06/13/2024

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‘Cough up my guns’: Pardoned St. Louis lawyers threaten suit to get firearms back after judge erases criminal record for BLM protesters episode

Mark McCloskey, Patricia McCloskey

FILE – Armed homeowners Mark and Patricia McCloskey stand in front of their house, confronting protesters marching to St. Louis Mayor Lyda Krewson’s house in the Central West End of St. Louis, June 28, 2020. A judge has expunged the misdemeanor convictions of the St. Louis couple who pointed guns at racial injustice protesters outside their mansion in 2020. Now, they say, they want their guns back. (Laurie Skrivan/St. Louis Post-Dispatch via AP, File)

The St. Louis lawyers who pleaded guilty to state misdemeanors for brandishing a rifle and pistol as Black Lives Matter protestors walked past their mansion in 2020, only to be pardoned be Missouri’s governor, have had their records expunged by a judge.

But while the erasure of their convictions was welcomed by Mark McCloskey and Patricia McCloskey, the husband and wife are nonetheless threatening to sue if the City of St. Louis doesn’t return their firearms.

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    “It’s time for the city to cough up my guns,” Mark McCloskey reportedly said, vowing to sue if that does not occur. The comments were reported by the St. Louis Post-Dispatch.

    The McCloskeys made national news in June 2020, the month after George Floyd’s murder, by emerging from their mansion armed as protesters looking to demonstrate in front of the mayor’s house nearby marched through a gate to their street, a street the couple said was private and being trespassed upon by an “angry mob.”

    After the couple pleaded guilty in 2021, the McCloskeys appeared in a political campaign video holding a rifle and pistol.

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    “A year ago, an angry mob crashed through my gate and threatened my life, my family, and my home. And I stood on the front porch with my AR-15 and backed the mob down,” Mark said, adding that he would “do the same thing again” if those circumstances arose in the future.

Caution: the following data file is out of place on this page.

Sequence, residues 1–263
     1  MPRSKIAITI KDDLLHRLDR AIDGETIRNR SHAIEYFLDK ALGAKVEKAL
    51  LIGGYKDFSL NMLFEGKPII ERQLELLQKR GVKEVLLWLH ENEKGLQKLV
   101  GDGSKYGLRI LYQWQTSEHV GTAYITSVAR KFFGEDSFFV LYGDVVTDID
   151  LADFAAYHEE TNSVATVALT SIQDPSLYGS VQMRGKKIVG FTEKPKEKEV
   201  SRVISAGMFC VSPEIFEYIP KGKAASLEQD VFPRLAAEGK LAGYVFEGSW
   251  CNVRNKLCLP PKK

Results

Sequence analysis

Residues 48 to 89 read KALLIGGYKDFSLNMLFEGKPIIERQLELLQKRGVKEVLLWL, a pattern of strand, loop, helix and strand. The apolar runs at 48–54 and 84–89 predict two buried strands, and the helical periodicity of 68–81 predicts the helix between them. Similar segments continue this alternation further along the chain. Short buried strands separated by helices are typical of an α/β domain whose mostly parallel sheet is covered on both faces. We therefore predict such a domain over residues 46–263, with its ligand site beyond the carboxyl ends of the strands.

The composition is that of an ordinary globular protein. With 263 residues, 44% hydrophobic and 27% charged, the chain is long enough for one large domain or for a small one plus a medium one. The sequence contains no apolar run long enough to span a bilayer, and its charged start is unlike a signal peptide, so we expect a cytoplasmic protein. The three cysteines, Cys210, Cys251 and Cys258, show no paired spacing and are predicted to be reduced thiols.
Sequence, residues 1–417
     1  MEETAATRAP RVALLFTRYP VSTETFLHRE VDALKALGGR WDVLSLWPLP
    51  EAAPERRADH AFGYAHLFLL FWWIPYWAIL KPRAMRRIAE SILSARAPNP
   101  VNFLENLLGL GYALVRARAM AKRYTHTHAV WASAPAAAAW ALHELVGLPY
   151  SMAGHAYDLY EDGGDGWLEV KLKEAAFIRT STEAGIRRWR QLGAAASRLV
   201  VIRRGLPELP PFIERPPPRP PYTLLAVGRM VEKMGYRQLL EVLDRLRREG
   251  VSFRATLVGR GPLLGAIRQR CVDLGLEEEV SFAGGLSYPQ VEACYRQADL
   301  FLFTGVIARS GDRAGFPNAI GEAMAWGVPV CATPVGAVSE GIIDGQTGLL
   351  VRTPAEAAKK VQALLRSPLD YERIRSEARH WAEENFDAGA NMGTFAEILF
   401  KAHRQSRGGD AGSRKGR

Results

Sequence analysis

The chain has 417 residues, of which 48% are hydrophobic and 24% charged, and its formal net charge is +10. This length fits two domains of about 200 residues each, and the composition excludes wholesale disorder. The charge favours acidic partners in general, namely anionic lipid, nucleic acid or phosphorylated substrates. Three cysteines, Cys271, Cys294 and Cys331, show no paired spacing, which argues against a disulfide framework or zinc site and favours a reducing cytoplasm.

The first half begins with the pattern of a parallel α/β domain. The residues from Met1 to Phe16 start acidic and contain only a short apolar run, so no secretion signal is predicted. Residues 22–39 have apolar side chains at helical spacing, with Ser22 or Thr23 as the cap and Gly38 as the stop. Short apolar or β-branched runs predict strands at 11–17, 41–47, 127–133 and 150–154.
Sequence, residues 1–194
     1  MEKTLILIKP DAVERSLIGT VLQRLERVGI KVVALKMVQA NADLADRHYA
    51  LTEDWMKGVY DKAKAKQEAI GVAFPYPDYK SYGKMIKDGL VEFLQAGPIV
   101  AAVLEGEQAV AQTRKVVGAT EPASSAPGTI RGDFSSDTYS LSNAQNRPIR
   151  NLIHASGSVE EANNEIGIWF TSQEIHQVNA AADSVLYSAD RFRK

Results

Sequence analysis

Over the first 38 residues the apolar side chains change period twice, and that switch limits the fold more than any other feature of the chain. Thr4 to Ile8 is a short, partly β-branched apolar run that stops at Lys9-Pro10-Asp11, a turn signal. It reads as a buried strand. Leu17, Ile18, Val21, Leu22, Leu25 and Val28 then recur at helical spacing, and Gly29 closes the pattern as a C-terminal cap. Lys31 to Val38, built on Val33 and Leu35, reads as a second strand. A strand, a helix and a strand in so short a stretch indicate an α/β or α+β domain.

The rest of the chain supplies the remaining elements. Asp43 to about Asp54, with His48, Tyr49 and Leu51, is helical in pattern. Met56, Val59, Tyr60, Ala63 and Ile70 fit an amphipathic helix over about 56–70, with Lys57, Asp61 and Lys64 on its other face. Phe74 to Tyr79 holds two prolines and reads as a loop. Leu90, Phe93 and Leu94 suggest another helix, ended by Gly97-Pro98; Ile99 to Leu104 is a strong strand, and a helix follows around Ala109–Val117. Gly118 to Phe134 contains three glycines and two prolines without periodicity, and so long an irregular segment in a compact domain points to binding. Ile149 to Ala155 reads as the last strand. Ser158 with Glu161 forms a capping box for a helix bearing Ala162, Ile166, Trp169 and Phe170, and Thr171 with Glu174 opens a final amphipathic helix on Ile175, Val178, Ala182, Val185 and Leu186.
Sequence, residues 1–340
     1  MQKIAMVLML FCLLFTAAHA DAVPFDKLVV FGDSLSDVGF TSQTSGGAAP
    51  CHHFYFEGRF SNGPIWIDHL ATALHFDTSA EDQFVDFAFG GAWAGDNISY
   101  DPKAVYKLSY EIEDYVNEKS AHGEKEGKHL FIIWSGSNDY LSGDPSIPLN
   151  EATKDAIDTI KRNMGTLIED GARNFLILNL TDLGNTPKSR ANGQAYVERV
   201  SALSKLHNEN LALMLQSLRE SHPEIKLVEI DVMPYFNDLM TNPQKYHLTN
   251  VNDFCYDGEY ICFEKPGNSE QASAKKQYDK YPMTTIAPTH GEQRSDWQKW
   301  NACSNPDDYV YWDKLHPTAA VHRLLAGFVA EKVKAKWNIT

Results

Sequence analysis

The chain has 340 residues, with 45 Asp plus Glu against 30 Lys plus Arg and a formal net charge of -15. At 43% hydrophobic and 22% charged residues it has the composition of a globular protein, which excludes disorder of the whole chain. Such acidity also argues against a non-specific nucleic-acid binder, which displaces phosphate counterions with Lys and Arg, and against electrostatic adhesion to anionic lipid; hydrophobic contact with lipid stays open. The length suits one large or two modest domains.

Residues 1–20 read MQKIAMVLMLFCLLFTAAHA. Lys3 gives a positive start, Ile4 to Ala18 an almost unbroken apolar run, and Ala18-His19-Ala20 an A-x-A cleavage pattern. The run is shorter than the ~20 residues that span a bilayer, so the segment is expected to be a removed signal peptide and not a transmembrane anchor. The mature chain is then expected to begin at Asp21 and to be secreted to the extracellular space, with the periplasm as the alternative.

State pardons for fourth-degree assault and second-degree harassment convictions followed in August 2021, but ensuing litigation to get the guns back didn’t fare well in Missouri’s courts.

    “The law recognizes the difference between a conviction and guilt. Here, McCloskey pleaded guilty to misdemeanor assault and voluntarily forfeited his firearms in exchange for the State dismissing a felony charge punishable by imprisonment,” an appellate court ruled in late 2023. “Thus, his inability to recover his firearms is not a legal disqualification, impediment, or other legal disadvantage that is a consequence of his conviction. Rather, the permanent forfeiture is a consequence of his guilt.”

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    “And because only the conviction is obliterated by the pardon and McCloskey’s guilt remains, we find that the governor’s pardon does not entitle him to possession of his forfeited firearms,” the court added.

    Now that the convictions have been expunged, the McCloskeys apparently believe their chances of getting their guns back have received a boost.

    Missouri records show that both the husband and wife remain attorneys in good standing.

    The post ‘Cough up my guns’: Pardoned St. Louis lawyers threaten suit to get firearms back after judge erases criminal record for BLM protesters episode first appeared on Law & Crime.